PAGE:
Held:

         The decision of the Court of Appeals is reversed, the judgments of the circuit court are reversed, and the cases are remanded to the circuit court for further proceedings. Drawing upon social and legal norms, the Court first holds that defendants had a protected privacy interest in their garbage, which they had placed within a closed opaque garbage bin put at curbside for collection by the sanitation company. The Court next holds that, under State v. Sines, 359 Or. 41, 379 P.3d 502 (2016), because the police officers had used the sanitation company manager as their agent to segregate and to bring them the personal information in the garbage for exposure in a search, the police officers were responsible for violating defendants' privacy interests and conducting a warrantless search of defendants' garbage. The Court concludes that the state failed to establish that the search was valid under the Oregon Constitution. The Court disavows its prior decisions in Howard/Dawson and Purvis to the extent that those cases hold otherwise.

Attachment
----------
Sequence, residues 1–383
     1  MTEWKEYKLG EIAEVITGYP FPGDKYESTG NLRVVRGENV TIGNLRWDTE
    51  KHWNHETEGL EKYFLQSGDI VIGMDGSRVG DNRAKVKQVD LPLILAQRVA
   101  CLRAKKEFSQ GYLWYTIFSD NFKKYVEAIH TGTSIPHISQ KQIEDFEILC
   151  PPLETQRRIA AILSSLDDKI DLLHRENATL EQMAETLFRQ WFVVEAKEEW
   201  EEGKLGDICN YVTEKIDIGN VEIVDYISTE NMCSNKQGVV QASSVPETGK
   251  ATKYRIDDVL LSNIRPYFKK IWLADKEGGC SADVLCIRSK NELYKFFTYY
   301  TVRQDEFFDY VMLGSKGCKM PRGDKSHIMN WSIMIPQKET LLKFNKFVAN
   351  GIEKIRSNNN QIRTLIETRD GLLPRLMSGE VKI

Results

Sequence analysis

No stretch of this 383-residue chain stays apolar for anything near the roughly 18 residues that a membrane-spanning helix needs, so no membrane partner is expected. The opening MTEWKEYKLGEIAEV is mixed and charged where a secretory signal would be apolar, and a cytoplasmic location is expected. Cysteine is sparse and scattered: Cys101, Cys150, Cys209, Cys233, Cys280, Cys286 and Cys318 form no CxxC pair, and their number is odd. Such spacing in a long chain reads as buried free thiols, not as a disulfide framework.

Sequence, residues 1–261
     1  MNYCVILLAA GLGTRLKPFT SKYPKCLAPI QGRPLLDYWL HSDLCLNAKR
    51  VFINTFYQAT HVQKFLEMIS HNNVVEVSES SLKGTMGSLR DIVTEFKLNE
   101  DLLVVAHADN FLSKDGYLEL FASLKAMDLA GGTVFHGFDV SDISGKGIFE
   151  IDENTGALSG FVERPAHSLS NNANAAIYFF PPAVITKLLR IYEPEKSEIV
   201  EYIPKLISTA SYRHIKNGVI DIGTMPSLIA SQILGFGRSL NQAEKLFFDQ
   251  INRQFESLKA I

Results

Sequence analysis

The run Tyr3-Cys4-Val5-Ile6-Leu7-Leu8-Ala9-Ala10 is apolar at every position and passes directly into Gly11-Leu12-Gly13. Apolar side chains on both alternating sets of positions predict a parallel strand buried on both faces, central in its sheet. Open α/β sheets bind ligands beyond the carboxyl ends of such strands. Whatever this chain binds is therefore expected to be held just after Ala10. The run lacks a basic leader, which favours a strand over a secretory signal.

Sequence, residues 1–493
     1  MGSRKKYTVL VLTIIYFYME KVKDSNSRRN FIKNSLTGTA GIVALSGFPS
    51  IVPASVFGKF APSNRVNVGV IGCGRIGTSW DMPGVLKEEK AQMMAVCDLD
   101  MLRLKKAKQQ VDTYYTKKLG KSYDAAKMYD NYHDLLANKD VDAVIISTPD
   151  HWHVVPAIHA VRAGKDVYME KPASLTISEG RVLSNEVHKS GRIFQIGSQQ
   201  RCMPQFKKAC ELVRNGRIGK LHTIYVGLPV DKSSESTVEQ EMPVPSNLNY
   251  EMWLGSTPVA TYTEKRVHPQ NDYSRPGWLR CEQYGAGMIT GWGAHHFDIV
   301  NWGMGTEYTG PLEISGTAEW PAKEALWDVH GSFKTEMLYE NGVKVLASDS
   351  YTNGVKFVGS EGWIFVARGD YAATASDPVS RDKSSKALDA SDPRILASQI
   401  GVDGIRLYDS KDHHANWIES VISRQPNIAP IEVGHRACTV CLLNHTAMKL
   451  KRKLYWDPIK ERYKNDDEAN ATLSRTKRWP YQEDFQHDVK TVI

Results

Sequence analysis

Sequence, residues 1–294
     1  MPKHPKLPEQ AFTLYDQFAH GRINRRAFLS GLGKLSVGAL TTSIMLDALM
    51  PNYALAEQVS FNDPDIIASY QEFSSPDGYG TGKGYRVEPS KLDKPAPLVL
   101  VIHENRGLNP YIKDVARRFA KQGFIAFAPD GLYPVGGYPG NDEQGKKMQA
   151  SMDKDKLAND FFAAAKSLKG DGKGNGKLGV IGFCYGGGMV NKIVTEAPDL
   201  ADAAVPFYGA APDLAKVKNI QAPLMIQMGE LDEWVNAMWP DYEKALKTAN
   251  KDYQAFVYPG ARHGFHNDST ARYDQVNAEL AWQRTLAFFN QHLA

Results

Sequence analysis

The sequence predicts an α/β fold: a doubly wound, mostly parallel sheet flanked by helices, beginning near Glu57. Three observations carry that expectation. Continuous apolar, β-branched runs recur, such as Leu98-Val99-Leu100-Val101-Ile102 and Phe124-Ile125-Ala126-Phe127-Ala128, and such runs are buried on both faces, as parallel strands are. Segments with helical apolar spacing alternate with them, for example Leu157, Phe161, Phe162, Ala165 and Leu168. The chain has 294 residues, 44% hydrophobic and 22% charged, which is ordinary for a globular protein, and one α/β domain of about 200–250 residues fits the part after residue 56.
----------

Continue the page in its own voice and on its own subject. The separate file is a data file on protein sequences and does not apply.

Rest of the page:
The decision of the Court of Appeals is reversed. The judgments of the circuit court are reversed, and the cases are remanded to the circuit court for further proceedings.

         [364 Or. 752] NAKAMOTO, J.

         Article I, section 9, of the Oregon Constitution provides, in part, that "[n]o law shall violate the right of the people to be secure in their persons, houses, papers, and effects, against unreasonable search, or seizure [.]" These consolidated cases concern whether the warrantless search of defendants' garbage bin violated a protected interest of defendants under Article I, section 9.